• Parsley
  • Peaches
  • Pears
  • Peppers
  • Pumpkins
  • radishes
  • Raspberries
  • Radishes
  • Rosemary
  • Shallots
  • Spinach
  • Squash (summer and winter)
  • Thyme
  • Tomatoes
  • Watermelons

Though it may not be everything that can be eaten, there are a lot of choices this time of year. Go out and discover local food for yourself this week.

 

 

The Utah State Fair is a great place for people to make the connection between farm and food

By Doug Perry

Sometimes the space between food produced and food consumed seem vast and disconnected – almost like foreign countries. And yet the heart and soul of our nation has always been found across the vast open lands of our farms and ranches. Urbanites find great comfort in that.

But Utah’s harvest season, prominently celebrated at the Utah State Fair in Salt Lake City, is where the two paths cross. Where the producer and consumer become better acquainted and reminded of each other’s value. And where we all share in the successes of another blessed year of agriculture and food.

Since 1856 the Utah State Fair and its country cousins, the county fairs, serves as an important and much-anticipated highlight of farmer and rancher accomplishments. It’s an annual conference for agri-producing peers, sharing in best practices, networking, and experiencing a common bond and passion.

But others in Utah delight in the fair, too. Historically, it’s served as a premier state and community social event, marked by carnival rides, a rodeo and entertainment, and of course food. But there’s also friendly competition between farmers, homemakers, and artists that leave us all marveling at the skills and techniques our Utah family, friends, and neighbors have mastered.

The Utah State Fair seems to be growing and getting better each year. Governor Herbert’s leadership and a generous donation by the LDS Church led to a new 10,000-seat arena that has expanded capacities and the types of shows that can be accommodated.

 

Here’s just a sampling of what this year’s fair offered:

  • Utah Department of Natural Resource (DNR) featured its annual fishing pond - this year stocked with catfish and plenty of volunteers on hand to assist children with their catch and release. “We get lots of interest from kids, the banks are very crowded by 5 or 6 pm,” said one DNR volunteer.
  • Next door was another hands-on experience called Barnyard Friends. Here, small children delight in a sow and her eight piglets lying close together and near the fence so they can be touched as they nap the afternoon away, oblivious to the loads of attention they garner. The exhibit also included calves, goats, sheep, and various chicks at all stages – unhatched eggs incubating to only days old.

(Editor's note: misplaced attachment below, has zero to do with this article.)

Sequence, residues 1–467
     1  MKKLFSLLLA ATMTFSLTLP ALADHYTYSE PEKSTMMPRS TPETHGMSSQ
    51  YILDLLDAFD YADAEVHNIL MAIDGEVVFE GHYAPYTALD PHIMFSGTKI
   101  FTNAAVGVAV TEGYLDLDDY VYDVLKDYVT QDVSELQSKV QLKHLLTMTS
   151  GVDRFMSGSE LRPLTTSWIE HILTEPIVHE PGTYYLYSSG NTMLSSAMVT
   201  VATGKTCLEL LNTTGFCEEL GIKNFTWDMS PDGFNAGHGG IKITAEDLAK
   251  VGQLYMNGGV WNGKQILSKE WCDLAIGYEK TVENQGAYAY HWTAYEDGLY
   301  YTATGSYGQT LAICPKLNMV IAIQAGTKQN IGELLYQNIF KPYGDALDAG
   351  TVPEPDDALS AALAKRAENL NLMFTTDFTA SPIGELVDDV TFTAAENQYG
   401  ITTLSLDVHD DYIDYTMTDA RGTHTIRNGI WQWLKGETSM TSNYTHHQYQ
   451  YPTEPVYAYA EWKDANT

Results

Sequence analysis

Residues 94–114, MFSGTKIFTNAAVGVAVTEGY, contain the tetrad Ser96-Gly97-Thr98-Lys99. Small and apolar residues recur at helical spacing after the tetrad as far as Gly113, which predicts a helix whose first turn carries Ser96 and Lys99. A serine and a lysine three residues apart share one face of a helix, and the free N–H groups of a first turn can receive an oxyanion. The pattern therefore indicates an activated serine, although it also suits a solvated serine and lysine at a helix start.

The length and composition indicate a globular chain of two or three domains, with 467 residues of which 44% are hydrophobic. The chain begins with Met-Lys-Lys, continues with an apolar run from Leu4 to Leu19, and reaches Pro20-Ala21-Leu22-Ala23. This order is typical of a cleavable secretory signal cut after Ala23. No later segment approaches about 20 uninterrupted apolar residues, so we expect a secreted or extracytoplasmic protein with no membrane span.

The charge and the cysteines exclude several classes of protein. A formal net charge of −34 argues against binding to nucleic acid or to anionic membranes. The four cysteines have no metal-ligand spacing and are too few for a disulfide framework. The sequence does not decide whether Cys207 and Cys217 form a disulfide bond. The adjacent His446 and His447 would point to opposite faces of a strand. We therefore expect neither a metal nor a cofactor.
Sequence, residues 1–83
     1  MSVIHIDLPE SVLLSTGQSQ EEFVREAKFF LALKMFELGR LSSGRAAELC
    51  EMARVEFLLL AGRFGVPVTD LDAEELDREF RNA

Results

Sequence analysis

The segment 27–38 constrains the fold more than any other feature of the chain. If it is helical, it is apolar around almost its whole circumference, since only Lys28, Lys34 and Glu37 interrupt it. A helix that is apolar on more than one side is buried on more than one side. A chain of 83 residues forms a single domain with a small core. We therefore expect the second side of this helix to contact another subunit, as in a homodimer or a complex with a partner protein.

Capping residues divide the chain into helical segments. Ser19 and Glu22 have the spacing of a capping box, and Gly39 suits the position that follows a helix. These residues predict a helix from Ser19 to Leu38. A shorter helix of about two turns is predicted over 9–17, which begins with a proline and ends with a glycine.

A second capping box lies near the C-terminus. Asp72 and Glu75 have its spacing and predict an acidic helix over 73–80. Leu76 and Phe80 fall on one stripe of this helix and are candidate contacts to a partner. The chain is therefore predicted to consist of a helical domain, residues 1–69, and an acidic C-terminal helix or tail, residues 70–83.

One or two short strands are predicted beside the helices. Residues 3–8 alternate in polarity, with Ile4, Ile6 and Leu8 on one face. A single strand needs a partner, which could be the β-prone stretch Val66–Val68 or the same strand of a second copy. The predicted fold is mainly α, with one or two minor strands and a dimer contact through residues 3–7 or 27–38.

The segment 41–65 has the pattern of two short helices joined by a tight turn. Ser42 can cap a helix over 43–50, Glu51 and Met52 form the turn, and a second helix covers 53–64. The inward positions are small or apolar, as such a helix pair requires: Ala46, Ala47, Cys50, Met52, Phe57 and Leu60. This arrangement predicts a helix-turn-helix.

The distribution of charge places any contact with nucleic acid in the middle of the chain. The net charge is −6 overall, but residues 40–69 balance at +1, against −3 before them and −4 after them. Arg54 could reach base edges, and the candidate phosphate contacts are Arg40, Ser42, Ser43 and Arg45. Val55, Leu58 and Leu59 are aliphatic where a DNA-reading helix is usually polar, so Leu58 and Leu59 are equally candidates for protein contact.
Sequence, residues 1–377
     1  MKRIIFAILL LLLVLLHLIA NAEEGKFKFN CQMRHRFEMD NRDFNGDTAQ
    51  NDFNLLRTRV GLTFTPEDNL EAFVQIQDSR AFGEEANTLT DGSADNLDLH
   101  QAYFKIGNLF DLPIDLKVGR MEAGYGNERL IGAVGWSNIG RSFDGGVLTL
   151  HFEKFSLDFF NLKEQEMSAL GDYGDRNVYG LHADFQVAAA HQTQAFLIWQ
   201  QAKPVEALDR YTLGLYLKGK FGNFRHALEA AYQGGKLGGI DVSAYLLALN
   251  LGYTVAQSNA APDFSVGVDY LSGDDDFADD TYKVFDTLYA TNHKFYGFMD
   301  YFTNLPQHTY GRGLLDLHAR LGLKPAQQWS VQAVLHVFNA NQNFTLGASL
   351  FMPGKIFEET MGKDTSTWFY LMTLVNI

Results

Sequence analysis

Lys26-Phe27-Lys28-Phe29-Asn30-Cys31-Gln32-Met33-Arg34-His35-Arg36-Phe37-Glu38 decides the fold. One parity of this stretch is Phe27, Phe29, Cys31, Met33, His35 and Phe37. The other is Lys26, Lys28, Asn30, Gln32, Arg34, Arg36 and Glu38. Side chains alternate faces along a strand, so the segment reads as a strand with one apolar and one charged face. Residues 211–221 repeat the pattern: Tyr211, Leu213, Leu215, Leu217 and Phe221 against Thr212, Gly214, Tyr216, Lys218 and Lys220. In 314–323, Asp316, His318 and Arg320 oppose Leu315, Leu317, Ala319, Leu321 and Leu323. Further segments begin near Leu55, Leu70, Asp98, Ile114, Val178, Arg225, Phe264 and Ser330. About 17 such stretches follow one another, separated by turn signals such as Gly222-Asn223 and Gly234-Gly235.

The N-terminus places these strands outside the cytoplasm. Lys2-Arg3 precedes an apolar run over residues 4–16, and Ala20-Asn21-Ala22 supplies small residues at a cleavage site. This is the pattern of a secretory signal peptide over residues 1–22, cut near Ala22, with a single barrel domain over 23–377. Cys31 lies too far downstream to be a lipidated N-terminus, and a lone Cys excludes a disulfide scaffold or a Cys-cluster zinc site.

• The competition barns were bustling with activity throughout the week, where hundreds of FFA, H4, and other kids competed in livestock showmanship and quality events. “The judges are looking for sheep that are well-fed and muscular so I give them lots of hay and grain throughout the year,” said Sarah Shaw, of Sevier County. “But they also need to see that my sheep have connected and are comfortable being handled by me so I do lots of things to prepare them for that also.”

 

  • Dairy West and Meadow Gold probably got the award for most unusual display this year, sculpting three near-life-size cows doing jazzer-size out of butter. Following the theme “Dairy Doing a Body Good,” sculptors Debbie Brown and Matt McNaughtan. For Debbie this was actually her 21st butter sculpture. "We come up with a winning design and then (we'll) kind of sketch out some ideas of how we can make it work for our cooler," she said.

 

  • Moving right along, most families with small children don’t miss the Little Hands on the Farm exhibit, an award-winning favorite of children, ages 2 to 10 where they begin to understand the connection from farm to grocery. Hands on the Farm is sponsored by Utah’s Own and gives kids the chance to gather eggs, pick apples, visit a grain silo, pluck vegetables from the garden, and more.

 

  • For the last 40 years, the Cattleman Association and Utah Beef Council have sponsored “Utah Beef Feast,” and come-and-get-it-while-it-lasts lunch barbecue that draws fair-goers in almost entirely on smell alone. “We’ve been come here for a long time. We have lots who know we’re here and relieved to eat anything other than a corn dog,” jokes Daniel Crozier, Cattlemen’s second vice president.

 

  • And, finally, what fair would be complete without the myriad of competitions for top crops - corn, squash, carrots, tomatoes - you name it and there’s probably someone awarded first prize for it. But, homemakers are also battle it out with their amazing offering of canned fruit and pickled goods, along with a wide assortment of baked goods such as cookies, cinnamon rolls, bread, and pies of every sort.

 

The 2018 Utah State Fair was, and has always been, a great celebration of agriculture and farming. The connections and bonds created are an important part of our state’s culture, both past and present.



September 4, 2018

Please see the excerpts below from a USDA news release with information on how qualified farmers hurt by recent trade tariffs can apply for mitigation funds:

U.S. Secretary of Agriculture Sonny Perdue today launched the trade mitigation package aimed at assisting farmers suffering from damage due to recent tariffs placed on select agricultural products by multiple foreign nations.  Producers of certain commodities can now sign up for the Market Facilitation Program (MFP), while USDA will also begin to purchase identified commodities under a food purchase and distribution program.  Additionally, USDA has begun accepting proposals for the Agricultural Trade Promotion Program (ATP), which will help American farmers find and access new markets for their products.  In total, USDA will authorize up to $12 billion in programs, consistent with World Trade Organization obligations.